"The school was closed during the Lord's Resistance Army insurgency but was later re-opened after the end of the war. However, developing it has been difficult due to the uncertainty caused by the land conflicts," Okot explained.

Even without a Uganda National Examinations Board centre, the school continues to enrol Primary Seven pupils, with the hope of registering them at Layima Primary School in Pabbo sub-county.

"We have many pupils in the community, but parents think that the school will be demolished anytime. The regular disturbance from the Uganda Wildlife Authority (UWA) has discouraged parents from enrolling their children," Oringa Olego, a teacher, notes.

More about Apaa

A recent report by the parliamentary select committee indicates that Apaa trading centre is 8km inside Adjumani.

According to Leku, the recent findings by a team led by Pallisa Woman MP Agnes Ameede match the two recent reports by Parliament that Adjumani border is not at River Zoka, but 10km towards Amuru.

The contested land, which measures, is alleged to have been gazetted by Parliament in 2002, to form part of East Madi Wildlife Game Reserve.

However, the residents, who according to UWA should be evicted, have remained defiant.

The closure of Apaa market by UWA in May 2019 did not bar the vendors from violating the directive despite the district allocating 7km2 for a market at Zoka trading centre.

"The Government insists that this is a game reserve, but we have never seen any wild animal here," residents say. 

Adjumani plan 

James Leku, the Adjumani district chairperson, says they were aware that Apaa is located in East Madi Wildlife Game Reserve and, as a result, it is impossible to construct a health centre and a school in such an area.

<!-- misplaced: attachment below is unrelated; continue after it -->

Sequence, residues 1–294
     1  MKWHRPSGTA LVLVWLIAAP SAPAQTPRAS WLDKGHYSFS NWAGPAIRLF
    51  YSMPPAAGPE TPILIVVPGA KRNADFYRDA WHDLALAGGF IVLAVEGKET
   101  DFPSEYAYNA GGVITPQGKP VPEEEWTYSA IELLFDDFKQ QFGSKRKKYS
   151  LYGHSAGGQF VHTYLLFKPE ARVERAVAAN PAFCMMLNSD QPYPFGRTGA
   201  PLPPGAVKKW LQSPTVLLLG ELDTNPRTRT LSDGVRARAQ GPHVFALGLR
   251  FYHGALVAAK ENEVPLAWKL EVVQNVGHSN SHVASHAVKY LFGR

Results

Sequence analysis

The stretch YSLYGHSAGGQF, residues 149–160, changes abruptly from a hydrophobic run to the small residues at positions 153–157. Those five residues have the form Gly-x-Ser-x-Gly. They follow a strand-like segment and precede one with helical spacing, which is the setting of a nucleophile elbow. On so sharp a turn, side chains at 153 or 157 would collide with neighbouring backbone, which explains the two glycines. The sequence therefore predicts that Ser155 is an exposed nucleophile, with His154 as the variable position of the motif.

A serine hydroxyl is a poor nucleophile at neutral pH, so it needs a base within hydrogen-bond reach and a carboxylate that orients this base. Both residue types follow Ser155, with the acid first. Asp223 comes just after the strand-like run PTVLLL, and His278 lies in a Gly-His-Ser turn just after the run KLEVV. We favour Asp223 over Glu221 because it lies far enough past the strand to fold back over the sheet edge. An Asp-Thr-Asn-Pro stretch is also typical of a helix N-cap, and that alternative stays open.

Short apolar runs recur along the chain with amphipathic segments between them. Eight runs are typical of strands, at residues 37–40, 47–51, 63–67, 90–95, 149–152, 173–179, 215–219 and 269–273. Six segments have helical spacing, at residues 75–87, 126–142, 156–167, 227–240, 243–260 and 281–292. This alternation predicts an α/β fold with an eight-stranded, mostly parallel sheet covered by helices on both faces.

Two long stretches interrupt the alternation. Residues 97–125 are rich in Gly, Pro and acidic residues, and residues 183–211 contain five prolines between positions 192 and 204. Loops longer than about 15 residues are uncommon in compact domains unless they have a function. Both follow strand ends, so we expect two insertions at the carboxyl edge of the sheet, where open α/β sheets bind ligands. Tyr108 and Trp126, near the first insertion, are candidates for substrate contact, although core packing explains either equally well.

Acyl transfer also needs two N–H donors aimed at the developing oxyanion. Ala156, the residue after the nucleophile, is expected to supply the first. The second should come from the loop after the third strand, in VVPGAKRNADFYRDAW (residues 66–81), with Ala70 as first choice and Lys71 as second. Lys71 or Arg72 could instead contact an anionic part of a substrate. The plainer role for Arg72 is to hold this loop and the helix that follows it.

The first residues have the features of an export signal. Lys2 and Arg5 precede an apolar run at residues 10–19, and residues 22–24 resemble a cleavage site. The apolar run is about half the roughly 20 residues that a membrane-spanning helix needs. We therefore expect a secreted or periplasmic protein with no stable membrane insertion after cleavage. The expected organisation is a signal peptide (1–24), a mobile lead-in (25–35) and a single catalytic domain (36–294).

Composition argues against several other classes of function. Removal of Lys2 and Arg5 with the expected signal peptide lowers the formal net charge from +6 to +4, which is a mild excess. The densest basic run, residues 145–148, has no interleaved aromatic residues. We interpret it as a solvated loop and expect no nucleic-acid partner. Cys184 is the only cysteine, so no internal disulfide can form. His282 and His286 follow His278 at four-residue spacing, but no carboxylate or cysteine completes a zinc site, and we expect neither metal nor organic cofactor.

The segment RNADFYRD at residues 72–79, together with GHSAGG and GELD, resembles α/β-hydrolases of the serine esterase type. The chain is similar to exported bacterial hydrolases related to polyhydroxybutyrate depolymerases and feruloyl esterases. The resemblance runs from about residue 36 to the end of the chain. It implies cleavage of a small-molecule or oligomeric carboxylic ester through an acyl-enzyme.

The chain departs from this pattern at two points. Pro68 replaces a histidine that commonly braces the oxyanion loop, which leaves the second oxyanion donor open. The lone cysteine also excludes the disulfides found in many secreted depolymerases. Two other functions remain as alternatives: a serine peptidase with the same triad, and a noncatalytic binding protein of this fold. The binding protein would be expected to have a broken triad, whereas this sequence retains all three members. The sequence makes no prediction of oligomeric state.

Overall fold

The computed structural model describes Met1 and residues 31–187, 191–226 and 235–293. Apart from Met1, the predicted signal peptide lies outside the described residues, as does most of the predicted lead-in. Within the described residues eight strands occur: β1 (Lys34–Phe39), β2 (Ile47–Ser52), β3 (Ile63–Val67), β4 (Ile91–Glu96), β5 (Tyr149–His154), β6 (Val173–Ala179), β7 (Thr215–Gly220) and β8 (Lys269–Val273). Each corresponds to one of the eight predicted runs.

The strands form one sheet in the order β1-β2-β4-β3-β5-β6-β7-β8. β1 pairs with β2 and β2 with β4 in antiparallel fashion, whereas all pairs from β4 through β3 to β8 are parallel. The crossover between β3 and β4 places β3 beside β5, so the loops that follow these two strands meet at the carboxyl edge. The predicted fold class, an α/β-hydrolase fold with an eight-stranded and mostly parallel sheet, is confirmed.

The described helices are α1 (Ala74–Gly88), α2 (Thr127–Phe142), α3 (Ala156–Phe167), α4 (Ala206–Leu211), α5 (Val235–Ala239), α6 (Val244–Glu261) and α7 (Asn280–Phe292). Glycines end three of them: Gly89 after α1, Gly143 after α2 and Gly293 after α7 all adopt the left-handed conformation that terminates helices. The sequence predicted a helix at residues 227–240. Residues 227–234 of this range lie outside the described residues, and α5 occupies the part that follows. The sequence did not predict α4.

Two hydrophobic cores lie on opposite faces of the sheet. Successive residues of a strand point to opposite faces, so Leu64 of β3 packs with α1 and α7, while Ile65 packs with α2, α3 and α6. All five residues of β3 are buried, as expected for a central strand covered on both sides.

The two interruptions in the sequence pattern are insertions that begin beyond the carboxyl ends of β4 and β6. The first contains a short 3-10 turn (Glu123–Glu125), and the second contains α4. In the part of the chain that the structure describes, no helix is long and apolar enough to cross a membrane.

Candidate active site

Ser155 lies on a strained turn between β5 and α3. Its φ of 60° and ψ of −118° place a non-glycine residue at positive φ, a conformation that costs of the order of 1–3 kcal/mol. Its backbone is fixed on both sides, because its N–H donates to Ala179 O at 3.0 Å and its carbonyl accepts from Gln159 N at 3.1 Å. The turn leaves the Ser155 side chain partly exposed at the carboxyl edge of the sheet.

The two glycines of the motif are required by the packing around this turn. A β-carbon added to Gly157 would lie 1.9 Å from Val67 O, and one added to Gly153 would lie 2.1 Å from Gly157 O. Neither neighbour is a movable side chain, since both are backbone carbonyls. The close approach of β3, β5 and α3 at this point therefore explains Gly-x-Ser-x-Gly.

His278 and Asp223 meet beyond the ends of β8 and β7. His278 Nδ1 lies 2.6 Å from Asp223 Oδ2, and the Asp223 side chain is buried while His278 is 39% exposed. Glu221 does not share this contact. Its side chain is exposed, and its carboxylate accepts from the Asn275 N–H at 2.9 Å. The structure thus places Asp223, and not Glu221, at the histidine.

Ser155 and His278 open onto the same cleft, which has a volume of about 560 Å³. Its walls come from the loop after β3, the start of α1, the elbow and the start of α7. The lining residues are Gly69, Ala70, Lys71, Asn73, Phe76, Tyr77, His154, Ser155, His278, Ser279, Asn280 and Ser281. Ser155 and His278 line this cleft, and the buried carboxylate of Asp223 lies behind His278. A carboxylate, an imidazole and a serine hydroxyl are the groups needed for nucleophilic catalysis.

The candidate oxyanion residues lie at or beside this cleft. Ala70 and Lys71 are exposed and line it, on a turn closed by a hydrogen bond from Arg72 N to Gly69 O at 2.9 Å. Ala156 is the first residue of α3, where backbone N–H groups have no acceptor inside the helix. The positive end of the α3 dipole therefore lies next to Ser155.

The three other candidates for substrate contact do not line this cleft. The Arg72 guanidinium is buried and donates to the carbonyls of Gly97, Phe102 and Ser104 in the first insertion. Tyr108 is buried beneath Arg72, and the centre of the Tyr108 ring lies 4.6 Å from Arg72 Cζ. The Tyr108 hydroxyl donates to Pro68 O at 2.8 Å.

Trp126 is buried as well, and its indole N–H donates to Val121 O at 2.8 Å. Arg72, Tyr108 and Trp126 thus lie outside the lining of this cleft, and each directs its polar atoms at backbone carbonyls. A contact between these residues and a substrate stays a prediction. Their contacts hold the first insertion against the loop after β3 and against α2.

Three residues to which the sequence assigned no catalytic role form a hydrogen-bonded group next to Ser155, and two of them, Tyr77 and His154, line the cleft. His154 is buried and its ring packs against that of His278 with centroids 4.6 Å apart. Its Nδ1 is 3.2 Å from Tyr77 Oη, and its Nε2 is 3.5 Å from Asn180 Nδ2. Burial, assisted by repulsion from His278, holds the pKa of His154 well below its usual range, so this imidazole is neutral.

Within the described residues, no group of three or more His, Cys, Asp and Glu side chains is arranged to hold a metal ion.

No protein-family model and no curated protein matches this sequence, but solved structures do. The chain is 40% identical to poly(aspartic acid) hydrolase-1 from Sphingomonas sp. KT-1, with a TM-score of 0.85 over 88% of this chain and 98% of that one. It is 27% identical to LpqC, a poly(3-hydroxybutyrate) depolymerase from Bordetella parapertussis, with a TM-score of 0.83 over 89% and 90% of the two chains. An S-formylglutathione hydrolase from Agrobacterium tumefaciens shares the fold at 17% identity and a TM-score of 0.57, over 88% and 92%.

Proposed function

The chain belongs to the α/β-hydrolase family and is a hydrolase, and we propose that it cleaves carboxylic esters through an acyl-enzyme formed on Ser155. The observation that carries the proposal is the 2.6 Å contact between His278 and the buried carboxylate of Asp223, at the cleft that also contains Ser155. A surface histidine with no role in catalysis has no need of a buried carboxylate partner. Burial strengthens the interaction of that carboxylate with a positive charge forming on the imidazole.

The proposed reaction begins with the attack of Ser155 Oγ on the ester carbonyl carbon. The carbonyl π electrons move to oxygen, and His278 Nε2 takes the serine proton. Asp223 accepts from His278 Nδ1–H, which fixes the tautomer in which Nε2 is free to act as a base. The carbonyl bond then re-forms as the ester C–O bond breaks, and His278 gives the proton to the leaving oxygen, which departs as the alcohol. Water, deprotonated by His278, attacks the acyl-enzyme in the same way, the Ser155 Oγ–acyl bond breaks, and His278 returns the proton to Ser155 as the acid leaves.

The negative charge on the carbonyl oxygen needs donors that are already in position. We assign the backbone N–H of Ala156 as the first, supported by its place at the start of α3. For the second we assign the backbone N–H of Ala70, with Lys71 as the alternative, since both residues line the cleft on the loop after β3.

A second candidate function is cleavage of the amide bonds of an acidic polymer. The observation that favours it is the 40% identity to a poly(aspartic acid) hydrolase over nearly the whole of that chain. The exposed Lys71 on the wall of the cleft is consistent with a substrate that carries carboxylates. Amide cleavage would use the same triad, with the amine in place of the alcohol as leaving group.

"The district plans to construct a primary school and a health centre III at Zoka trading centre before the end of the year," Leku adds.

Zoka trading centre is located 8km from Apaa trading centre, towards Adjumani district headquarters. The district has allocated sh200m for the school and sh500m for the health facility.

On whether the residents would make use of the facilities, Leku said it was up to them. "It is the responsibility of the Government to provide services and it is up to the intended beneficiaries to make use of them," Leku said. 

Polling stations 

Jervise Oneka Atunya, 79, whose national identity card indicates that he is a resident of Apaa village in Amuru district, says they are being dehumanised.

The Electoral Commission closed the area's three polling stations — Apaa Primary School, Apaa market and Apaa Health Centre — under the pretext that Apaa is in a game reserve.

"Seven new polling stations at Akee, Punu Dyang and Oyanga community primary schools and at Teber, Wee Yo, Tee Olam and Juuka markets should be gazetted. Otherwise, our right to vote will be violated if the polling stations are closed," Ferdinand Ojera, a resident said. 

What others say 

 oreen lonyorowt Doreen Alonyorowt

Doreen Alonyorowt
Since the closure of the only health centre, it is hard for pregnant mothers to attend antenatal clinics.  

 rancis woo Francis Owoo

Francis Owoo
Vendors pay unnecessary charges at checkpoints. For trucks they range from sh50,000 to sh200,000. 






 hristine roma Christine Oroma

Christine Oroma
I have lost property since this struggle started. Given that, I am not ready to leave this land. I would rather die.